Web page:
Have you seen advertisements for Hunt a Killer? Or the Mystery Package Company?

Inspired by them, I created a mystery box to introduce our Macbeth unit. My objectives:

  • Increase curiosity in the story
  • Build background knowledge before reading
  • Improve prediction and inferential skills.

My next step was to find objects to put into the box that would guide a student inquiry into Macbeth. Here’s what I included:

  • Two character maps
  • Map of Scotland and important Macbeth sites
  • A possible dinner menu for the banquet scene (with a note from Lady Macbeth)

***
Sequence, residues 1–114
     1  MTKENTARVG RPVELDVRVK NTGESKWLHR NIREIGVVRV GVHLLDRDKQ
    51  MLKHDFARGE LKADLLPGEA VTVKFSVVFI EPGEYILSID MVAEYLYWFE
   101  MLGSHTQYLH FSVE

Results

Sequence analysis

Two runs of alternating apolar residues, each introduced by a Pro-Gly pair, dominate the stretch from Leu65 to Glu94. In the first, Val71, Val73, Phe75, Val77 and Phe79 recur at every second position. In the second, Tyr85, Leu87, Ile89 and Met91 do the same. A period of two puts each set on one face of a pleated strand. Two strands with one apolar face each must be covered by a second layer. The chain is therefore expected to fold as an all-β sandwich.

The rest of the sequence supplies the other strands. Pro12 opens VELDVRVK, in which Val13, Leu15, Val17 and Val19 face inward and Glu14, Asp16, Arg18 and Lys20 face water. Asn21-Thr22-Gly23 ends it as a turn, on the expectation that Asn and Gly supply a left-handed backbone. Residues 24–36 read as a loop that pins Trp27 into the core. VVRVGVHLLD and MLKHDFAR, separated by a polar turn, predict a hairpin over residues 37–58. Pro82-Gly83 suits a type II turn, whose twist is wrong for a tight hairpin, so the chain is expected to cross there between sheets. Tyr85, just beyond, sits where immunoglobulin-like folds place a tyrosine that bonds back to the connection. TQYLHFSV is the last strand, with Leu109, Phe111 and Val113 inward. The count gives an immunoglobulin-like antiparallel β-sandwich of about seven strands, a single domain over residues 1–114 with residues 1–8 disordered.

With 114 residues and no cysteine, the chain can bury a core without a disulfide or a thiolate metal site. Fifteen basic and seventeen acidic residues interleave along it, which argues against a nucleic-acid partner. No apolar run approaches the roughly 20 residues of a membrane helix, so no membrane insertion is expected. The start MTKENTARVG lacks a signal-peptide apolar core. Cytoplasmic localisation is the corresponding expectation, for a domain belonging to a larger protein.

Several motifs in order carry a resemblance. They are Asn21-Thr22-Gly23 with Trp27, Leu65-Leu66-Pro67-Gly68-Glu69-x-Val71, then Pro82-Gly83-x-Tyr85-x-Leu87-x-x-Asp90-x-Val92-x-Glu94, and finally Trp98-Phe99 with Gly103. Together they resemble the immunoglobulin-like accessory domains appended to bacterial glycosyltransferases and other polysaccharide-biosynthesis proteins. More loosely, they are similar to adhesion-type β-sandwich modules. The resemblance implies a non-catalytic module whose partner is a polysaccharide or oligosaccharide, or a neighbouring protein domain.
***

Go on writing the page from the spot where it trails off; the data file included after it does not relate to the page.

• The letter Macbeth wrote Lady Macbeth in Act 1
  • The “Double, double, toil and trouble” spell
  • Doctor’s observation notes of Lady Macbeth in Act 5
  • The “tomorrow” speech
  • An image of two bloody daggers
  • A (very cheap) crown

For access to all these items (except the crown), click here.

Last, I created a set of questions that would guide student thinking.

The result: A lot of engagement! Within seconds, someone from each group had the crown on their head. With a large assortment of items, everyone in each group had plenty to examine and discuss.

More importantly were the conversations I overheard. Students used information from different pieces of writing in the box to try to answer the questions. They debated and discussed  their conclusions. By having to explain how the texts lead them to their answers, they’re getting practice in using textual evidence.